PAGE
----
List maintenance is done using a varied schedule with different types of maintenance conducted at different intervals. Duplicate checks are done on a daily basis and death matches are completed monthly. The felon checks are done three times a year and once a year more extensive dupe checks. In addition, voter record checks with other states and address checks are done using the ERIK system. On the county level, cancelled voters are maintained on the county voter list for three years, while the state keeps those records for longer. If a ballot is forwarded to an address other than the address attached to the voter registration, the county office receives a notice of the forwarding address. If that forwarding address is within the same county, that address is automatically updated in the voter record. If the forwarding address is outside of the county, that voter record is inactivated and that information is forwarded to election officials in that new county. Any ballots sent to voters that are returned as undeliverable result in a voter record being inactivated. On average, King County receives about 10,000 undeliverable ballots per each county-wide election and they employ about 10-20 temporary staffers to process and generate the confirmation mailings. If a voter confirms that they have moved out of state, their voting record in inactivated. Summary Wherever possible an electronic system should be implemented. Paper-based systems are a problem is errors and forms not making it from partner agencies to local election officials. Tracking voter registration numbers from partner agencies is challenging unless an electronic system is implemented. Conduct regular outreach and refresher training to partner agencies to ensure compliance. Third party groups will monitor compliance and threaten/initiate legal action if they feel that partner agencies are not doing a good enough job offering registration opportunities. Partner agencies do not have voter registration as a core value and the importance or the responsibility gets lost. The Governor should make the non-required partner agency designations.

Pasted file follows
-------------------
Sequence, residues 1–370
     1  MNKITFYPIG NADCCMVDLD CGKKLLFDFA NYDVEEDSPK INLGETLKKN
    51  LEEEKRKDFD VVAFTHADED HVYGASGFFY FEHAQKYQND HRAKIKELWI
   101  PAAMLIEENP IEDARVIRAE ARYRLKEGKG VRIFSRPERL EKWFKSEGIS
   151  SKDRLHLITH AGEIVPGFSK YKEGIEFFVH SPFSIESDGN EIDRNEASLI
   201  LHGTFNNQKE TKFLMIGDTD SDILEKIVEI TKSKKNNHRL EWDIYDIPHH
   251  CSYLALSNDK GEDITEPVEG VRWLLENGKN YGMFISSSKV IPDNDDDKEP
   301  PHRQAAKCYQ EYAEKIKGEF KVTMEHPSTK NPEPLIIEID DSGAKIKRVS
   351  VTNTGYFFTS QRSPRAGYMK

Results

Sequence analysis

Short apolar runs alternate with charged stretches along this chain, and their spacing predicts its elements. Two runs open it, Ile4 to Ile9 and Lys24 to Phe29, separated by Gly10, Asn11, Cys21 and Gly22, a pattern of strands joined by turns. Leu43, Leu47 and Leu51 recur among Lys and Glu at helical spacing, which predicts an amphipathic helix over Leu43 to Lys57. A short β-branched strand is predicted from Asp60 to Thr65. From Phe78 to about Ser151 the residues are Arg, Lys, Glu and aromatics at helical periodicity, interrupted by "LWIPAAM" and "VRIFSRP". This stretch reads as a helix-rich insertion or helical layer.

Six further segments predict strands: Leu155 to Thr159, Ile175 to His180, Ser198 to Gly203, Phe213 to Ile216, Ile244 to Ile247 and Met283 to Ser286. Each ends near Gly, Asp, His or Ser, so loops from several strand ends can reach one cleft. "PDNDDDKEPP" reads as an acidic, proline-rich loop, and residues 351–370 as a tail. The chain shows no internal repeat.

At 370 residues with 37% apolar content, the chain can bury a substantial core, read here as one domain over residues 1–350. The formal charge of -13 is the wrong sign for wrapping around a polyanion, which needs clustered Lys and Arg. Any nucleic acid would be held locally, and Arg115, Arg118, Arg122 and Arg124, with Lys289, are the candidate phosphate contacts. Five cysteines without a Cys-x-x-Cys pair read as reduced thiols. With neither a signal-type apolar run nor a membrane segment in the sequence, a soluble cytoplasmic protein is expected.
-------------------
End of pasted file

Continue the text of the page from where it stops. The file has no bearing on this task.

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Appendix F Analysis of Paper-based and Electronic Voter Registration Systems Both recently published research and information gained from G.A.B. contacts with other states identify significant cost savings realized by implementing an integrated electronic system for transmitting voter registration information. Less data entry, cleaner voter registration lists and fewer provisional ballots represent how integrated electronic systems create costs savings throughout different phases of the voter registration and election process. Research into establishing electronic information sharing systems indicates that they have significant startup costs, but states who have implemented these systems have found that savings on processing paper voter registration applications will quickly offset the initial expenditure. In addition, integrated electronic systems remove many of the logistical problems and data quality issues associated with collecting, sorting and distributing paper voter registration applications that plague paper-based systems. While G.A.B. contact with other states has provided information concerning the experiences of those states in implementing a system to comply with NVRA and HAVA requirements, some election officials found it difficult to provide comprehensive cost information for their procedures. The NVRA has been in effect since 1993 and HAVA since 2002, and states have absorbed costs associated with compliance into their overall budgets and do not isolate those specific costs. Recent studies have, however, attempted to define the costs associated with the voter registration process and the shift by a growing number of states to an electronic system of voter registration information transfer has allowed for the improved identification of certain cost savings relative to those systems. States currently subject to the NVRA requirements who utilize only a paper-based system report significant data quality issues with registration forms submitted through State partner agencies. For example, the State of Tennessee reported receiving roughly 48,000 duplicate registration applications in 2009 and 2010, which equaled 5 percent of all voter registration applications received during that time period. Of those duplicate registration applications, 68 percent of those originated from Motor Vehicle offices, Public Assistance offices, and other State partner agencies charged with providing voter registration services. 14 In addition, election officials from the State of Maryland indicated that its paper-based system generated a large number of duplicate registration forms.15 For that same 2009 – 2010 period, Maryland reported to the U.S. Election Assistance Commission that it received 167,245 duplicate voter registration applications, which was 12 percent of the total number of voter registration applications received for those years.16 Duplicate applications represent a significant inefficiency associated with paper-based systems, but other data quality issues have also been identified with these systems. In 2009, Maricopa County officials in Arizona conducted a survey of all pending voter registration records that contained incomplete, inaccurate or illegible information. These invalid applications required further action by registrants before those registrations were considered complete. In this county, paper applications represent only 15.5 percent of the voter registrations received, but paper applications accounted for over half of the incomplete records.17 Paper-based systems also have limitations caused by the need to transmit registration forms from partner agencies to local election officials responsible for entering that information in a voter